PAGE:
As the emerging market economies of Asia mature and their middle class expands, these economies will also become the fastest-growing source of final demand in the global economy. This will strengthen so-called ‘south-south’ trade corridors, as trade between emerging markets expands rapidly, a process that we expect to be facilitated by renewed progress on regional trade agreements over the coming decade as well as initiatives such as China’s One Belt, One Road project and the Asian Infrastructure Development Bank (AIIB).

Sector contribution to increase in trade

By far the largest contribution to the projected growth in traded goods will come from machinery and transport equipment, reflecting the ongoing evolution of global supply chains and strong final demand for both consumer and capital goods from emerging Asia. Increased spending on infrastructure projects throughout Asia will provide an opportunity for countries able to supply these investment goods, particularly for Germany and other developed economies. But this market will become increasingly competitive as emerging economies develop their technical expertise, underscoring the need for industrialised economies to focus on maintaining their competitive advantage in research-intensive, high-technology products.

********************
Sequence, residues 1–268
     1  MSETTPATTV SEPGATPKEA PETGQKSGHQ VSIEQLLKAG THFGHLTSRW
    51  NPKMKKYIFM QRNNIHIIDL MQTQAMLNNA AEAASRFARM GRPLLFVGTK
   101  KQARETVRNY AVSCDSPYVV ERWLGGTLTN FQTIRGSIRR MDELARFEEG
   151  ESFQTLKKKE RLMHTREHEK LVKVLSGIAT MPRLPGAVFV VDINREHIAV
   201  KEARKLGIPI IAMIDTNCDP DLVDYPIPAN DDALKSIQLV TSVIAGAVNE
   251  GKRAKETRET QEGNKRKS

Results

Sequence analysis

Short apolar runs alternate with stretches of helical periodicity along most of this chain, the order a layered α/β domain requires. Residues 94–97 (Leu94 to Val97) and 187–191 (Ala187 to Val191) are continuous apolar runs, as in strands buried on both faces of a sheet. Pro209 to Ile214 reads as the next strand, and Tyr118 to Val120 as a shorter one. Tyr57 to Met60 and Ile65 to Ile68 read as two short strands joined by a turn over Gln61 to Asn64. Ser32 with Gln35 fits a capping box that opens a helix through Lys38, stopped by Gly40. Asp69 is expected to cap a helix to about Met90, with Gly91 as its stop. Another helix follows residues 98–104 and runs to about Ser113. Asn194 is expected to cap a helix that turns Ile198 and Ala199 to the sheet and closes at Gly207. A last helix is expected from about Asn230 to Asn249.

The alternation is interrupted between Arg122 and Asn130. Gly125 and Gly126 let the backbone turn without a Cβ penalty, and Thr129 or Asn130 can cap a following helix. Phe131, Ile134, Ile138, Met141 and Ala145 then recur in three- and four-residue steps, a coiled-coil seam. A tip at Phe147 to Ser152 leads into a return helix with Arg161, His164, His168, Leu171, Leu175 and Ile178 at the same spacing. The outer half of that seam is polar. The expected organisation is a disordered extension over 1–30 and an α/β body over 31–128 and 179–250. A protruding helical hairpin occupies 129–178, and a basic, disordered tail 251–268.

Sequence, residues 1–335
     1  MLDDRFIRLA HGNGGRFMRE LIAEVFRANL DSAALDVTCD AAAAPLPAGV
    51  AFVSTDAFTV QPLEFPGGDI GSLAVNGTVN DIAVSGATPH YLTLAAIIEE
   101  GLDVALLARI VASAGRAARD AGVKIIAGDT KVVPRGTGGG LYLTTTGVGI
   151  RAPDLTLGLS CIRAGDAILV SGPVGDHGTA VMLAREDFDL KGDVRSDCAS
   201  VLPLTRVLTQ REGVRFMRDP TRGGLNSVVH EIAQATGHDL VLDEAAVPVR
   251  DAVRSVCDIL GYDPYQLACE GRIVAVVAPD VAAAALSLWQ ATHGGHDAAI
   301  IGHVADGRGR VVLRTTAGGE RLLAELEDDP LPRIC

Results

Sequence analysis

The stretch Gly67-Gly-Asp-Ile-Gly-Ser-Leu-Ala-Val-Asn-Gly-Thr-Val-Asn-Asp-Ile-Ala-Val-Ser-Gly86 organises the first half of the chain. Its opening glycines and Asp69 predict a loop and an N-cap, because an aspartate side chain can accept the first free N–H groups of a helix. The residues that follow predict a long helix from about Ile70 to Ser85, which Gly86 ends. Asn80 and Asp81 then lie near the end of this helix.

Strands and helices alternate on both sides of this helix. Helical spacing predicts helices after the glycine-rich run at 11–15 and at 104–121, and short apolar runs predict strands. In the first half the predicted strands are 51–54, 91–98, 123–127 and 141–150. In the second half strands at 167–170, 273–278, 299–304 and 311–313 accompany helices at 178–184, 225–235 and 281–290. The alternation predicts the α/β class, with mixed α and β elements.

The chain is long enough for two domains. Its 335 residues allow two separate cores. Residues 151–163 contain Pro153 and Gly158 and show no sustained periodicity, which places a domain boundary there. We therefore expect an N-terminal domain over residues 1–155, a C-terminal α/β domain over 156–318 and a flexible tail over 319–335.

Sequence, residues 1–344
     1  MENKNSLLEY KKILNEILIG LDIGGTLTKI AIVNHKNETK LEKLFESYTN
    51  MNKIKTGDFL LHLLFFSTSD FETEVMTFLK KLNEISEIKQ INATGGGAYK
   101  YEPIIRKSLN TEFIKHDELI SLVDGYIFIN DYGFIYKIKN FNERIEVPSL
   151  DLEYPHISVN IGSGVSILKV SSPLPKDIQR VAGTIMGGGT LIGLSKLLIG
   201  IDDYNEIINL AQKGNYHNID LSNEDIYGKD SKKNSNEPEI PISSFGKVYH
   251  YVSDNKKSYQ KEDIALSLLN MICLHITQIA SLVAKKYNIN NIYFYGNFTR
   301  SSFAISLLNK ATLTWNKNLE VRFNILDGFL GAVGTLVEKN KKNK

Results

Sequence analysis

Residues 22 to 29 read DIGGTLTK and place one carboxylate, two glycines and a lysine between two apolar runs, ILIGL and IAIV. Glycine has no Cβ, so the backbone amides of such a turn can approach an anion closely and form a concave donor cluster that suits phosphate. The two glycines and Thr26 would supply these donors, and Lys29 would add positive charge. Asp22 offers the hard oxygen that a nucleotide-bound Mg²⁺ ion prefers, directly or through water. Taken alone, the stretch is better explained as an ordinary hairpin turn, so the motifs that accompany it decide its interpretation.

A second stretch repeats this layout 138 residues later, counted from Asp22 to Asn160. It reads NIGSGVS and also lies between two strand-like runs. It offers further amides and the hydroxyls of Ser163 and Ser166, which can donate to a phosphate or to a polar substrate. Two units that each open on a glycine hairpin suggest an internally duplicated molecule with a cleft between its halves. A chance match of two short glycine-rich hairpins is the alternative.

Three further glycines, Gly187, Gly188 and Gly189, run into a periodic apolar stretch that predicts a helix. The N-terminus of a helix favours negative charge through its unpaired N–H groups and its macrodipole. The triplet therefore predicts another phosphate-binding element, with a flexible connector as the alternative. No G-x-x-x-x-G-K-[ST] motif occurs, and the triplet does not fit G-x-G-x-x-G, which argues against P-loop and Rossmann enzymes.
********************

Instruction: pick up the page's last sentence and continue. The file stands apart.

About the HSBC Trade Forecast – Modelled by Oxford Economics

Oxford Economics has tailored a unique service for HSBC which forecasts bilateral trade in goods, based on HSBC’s own analysis and forecasts of the world economy. A top-down approach is employed, with Oxford Economics’ suite of models used to ensure consistency between HSBC’s forecasts for economic growth and exchange rates in key countries and the more granular projections for bilateral trade flows presented here.